As we point out each time we recommend 4GB of RAM, you'll need a 64-bit operating system to take full advantage of it. 32-bit OSes do have enough address space for 4GB of memory, but that figure is an upper limit for all memory in a system, including video RAM. In practice, a 32-bit OS will only be able to use 3 to 3.5GB of actual system RAM, and it'll also limit the amount of memory each application can use. That's not quite the end of the world, and there are workarounds like Physical Address Extension in place. However, Microsoft says PAE causes compatibility problems, and it recommends that folks run a 64-bit version of Windows instead. Since Windows Vista x64 is quite mature at this point, we suggest installing that. You'll find more details in our operating system section on the second-to-last page of this guide.
The GeForce 8800 GT is a very straightforward choice for this machine, especially given its recent migration back into Nvidia's intended price range. As we saw in our review, the GT's performance rivals that of the pricier GeForce 8800 GTS 640MB for around $100 less, and its G92 graphics processor has some extra goodies like better high-definition video decoding. Our recommendation is XFX's PVT88PYDE4 GeForce 8800 GT, which is both very affordable and well furnished in terms of extra features and warranty coverage. XFX "factory overclocks" the card to a 640MHz core speed and 950MHz memory speed, and covers it with a "double lifetime" warranty that extends to second-hand cards.
We're selecting Western Digital's Caviar SE16 500GB hard drive over the Seagate alternative for the same reasons as in our Econobox: the WD drive is simply cheaper, quieter, and faster. We don't think Seagate's five-year warranty is enough to tip the odds in favor of Seagate's Barracuda 7100.11 500GB. Again, though, we've featured the Seagate drive in our alternatives for this system.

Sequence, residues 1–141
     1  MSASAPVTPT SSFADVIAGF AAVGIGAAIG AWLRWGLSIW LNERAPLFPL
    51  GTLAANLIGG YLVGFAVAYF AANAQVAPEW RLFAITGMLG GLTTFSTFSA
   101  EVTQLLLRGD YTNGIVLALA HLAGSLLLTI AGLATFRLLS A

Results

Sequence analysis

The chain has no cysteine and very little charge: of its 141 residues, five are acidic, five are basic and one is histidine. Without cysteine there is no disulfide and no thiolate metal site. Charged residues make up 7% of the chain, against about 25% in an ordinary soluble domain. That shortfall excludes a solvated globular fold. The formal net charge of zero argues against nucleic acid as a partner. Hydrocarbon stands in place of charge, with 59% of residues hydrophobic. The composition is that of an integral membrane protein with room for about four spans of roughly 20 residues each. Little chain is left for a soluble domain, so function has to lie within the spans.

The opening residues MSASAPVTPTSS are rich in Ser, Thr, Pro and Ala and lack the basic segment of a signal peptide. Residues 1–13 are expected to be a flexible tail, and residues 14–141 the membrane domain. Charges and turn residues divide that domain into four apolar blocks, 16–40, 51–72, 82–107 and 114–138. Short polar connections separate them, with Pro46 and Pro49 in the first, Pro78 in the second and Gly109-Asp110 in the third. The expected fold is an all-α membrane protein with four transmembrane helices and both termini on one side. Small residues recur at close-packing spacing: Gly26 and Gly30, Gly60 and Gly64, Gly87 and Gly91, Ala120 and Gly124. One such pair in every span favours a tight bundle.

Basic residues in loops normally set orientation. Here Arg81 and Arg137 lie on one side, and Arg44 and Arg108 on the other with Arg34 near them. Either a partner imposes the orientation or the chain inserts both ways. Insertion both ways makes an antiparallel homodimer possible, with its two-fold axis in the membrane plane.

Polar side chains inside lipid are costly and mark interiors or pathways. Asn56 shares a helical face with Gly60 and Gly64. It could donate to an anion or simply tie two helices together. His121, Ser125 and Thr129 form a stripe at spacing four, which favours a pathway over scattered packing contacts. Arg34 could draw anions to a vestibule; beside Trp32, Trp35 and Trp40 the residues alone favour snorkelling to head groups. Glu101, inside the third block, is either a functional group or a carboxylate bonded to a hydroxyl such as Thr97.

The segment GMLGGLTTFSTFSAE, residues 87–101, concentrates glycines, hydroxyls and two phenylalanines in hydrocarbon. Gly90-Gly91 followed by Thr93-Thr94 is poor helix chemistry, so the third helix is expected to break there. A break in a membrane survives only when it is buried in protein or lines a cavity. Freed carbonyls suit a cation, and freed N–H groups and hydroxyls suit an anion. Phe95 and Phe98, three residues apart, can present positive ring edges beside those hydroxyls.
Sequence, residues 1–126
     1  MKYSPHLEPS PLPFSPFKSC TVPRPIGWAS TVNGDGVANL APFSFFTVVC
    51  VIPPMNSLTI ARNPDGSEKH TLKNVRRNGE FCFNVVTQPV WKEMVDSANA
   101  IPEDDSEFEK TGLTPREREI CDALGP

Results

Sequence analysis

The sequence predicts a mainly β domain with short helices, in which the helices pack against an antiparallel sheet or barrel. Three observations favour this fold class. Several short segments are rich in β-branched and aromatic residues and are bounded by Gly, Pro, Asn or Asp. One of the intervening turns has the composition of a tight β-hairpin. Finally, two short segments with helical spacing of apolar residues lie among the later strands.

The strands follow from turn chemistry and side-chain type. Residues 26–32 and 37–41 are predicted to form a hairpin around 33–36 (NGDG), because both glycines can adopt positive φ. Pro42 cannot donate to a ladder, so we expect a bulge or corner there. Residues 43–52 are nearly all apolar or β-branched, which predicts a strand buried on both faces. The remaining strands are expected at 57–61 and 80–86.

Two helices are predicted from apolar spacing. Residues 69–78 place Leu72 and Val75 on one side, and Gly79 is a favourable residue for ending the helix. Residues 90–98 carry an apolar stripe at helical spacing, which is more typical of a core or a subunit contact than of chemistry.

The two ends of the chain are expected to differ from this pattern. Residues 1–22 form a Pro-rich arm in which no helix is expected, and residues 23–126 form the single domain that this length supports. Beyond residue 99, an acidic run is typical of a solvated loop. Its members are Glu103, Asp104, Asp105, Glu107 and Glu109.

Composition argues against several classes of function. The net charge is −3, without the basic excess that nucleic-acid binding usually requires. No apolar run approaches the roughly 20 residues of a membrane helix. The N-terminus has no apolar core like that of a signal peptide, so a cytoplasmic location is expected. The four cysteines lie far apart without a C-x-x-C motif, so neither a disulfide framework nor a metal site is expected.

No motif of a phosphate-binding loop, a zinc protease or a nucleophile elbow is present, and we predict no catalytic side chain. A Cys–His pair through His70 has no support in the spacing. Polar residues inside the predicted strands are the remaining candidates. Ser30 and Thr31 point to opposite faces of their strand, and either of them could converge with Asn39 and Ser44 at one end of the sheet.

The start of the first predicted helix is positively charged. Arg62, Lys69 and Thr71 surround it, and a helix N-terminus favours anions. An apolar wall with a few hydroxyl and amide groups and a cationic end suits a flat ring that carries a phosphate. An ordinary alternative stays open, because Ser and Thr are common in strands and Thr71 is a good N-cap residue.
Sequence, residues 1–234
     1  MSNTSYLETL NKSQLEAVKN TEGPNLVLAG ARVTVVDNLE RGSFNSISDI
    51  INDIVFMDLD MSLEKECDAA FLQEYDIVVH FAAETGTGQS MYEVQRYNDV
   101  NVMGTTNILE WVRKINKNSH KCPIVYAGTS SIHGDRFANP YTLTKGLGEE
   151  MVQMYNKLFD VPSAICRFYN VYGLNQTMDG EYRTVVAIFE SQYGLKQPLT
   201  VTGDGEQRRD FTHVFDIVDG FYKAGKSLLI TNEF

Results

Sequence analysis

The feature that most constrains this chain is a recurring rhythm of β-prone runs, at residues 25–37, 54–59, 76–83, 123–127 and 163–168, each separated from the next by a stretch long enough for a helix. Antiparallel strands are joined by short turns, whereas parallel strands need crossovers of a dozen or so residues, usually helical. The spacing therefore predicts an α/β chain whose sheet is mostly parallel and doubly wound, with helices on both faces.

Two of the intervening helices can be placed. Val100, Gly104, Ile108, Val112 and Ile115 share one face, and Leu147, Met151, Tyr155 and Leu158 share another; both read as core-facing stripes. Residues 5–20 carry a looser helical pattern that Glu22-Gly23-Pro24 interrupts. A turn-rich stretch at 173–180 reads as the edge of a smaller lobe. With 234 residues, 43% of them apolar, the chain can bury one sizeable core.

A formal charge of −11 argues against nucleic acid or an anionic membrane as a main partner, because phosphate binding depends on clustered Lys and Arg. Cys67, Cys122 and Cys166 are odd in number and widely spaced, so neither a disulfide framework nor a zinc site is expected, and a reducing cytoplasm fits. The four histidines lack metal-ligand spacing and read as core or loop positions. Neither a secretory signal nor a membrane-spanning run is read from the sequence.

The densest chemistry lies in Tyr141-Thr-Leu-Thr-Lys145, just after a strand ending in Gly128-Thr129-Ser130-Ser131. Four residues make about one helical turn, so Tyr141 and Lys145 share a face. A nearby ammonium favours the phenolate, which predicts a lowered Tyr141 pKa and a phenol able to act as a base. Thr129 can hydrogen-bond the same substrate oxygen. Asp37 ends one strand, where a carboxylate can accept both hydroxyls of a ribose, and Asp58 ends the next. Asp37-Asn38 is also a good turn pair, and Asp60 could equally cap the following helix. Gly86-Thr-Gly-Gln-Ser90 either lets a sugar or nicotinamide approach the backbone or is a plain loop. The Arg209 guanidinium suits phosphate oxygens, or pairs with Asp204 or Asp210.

On the optical front, we're sticking with the Samsung SH-S203B, a decent DVD burner that should be a good match for this system.
Creative's Sound Blaster X-Fi XtremeGamer gets our vote as the primary choice here. We used to recommend the X-Fi XtremeMusic for the Grand Experiment, but as we said on the previous page, the XtremeGamer is the XtremeMusic's replacement. The two cards are similar, with the XtremeGamer using a smaller form factor and missing an AD-Link connector for the break-out X-Fi I/O console. The XtremeGamer does have excellent sound quality, though, and it features an HD Audio-compatible front-panel connector. Again, Vista users who want 3D sound acceleration in all their games will want to use Creative's ALchemy software.
Enclosure and power
Our recommended Antec Sonata III delivers everything we need for this system: a beefy 500W power supply with an 80% efficiency rating, a clean layout with sideways-mounted hard drive bays, and a host of noise reduction features, including a speed-adjustable, rubber-damped 120mm exhaust fan. This case even has an eSATA port on its front bezel, should you wish to plug in a speedy external hard drive.
This case may seem a little expensive for a $1,000 system, but it's actually a pretty sweet deal. The bundled power supply is worth around $70 on its own, and you'd be hard pressed to find a stand-alone case with the same noise reduction features and finish as the Sonata III for much less than $60.